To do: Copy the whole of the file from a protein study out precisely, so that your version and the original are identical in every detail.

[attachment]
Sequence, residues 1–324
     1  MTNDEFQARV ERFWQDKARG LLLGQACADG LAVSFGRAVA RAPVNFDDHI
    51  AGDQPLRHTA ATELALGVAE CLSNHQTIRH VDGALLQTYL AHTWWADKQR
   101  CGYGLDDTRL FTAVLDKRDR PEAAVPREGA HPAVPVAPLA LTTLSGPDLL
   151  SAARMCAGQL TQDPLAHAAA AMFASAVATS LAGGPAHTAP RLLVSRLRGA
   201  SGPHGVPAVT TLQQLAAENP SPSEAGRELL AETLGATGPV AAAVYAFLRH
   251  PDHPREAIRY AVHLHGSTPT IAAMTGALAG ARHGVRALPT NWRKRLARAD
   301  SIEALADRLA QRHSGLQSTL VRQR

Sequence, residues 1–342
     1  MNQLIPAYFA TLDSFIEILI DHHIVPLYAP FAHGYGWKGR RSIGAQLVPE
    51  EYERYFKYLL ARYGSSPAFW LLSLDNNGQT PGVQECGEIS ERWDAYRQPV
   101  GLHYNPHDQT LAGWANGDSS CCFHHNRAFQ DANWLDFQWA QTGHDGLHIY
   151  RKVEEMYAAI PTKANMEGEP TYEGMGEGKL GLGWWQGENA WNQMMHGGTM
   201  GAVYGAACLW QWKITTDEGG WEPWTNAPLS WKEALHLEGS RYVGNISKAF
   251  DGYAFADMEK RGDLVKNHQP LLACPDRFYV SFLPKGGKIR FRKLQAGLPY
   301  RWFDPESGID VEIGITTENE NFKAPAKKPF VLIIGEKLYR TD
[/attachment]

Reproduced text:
Sequence, residues 1–324
     1  MTNDEFQARV ERFWQDKARG LLLGQACADG LAVSFGRAVA RAPVNFDDHI
    51  AGDQPLRHTA ATELALGVAE CLSNHQTIRH VDGALLQTYL AHTWWADKQR
   101  CGYGLDDTRL FTAVLDKRDR PEAAVPREGA HPAVPVAPLA LTTLSGPDLL
   151  SAARMCAGQL TQDPLAHAAA AMFASAVATS LAGGPAHTAP RLLVSRLRGA
   201  SGPHGVPAVT TLQQLAAENP SPSEAGRELL AETLGATGPV AAAVYAFLRH
   251  PDHPREAIRY AVHLHGSTPT IAAMTGALAG ARHGVRALPT NWRKRLARAD
   301  SIEALADRLA QRHSGLQSTL VRQR

Sequence, residues 1–342
     1  MNQLIPAYFA TLDSFIEILI DHHIVPLYAP FAHGYGWKGR RSIGAQLVPE
    51  EYERYFKYLL ARYGSSPAFW LLSLDNNGQT PGVQECGEIS ERWDAYRQPV
   101  GLHYNPHDQT LAGWANGDSS CCFHHNRAFQ DANWLDFQWA QTGHDGLHIY
   151  RKVEEMYAAI PTKANMEGEP TYEGMGEGKL GLGWWQGENA WNQMMHGGTM
   201  GAVYGAACLW QWKITTDEGG WEPWTNAPLS WKEALHLEGS RYVGNISKAF
   251  DGYAFADMEK RGDLVKNHQP LLACPDRFYV SFLPKGGKIR FRKLQAGLPY
   301  RWFDPESGID VEIGITTENE NFKAPAKKPF VLIIGEKLYR TD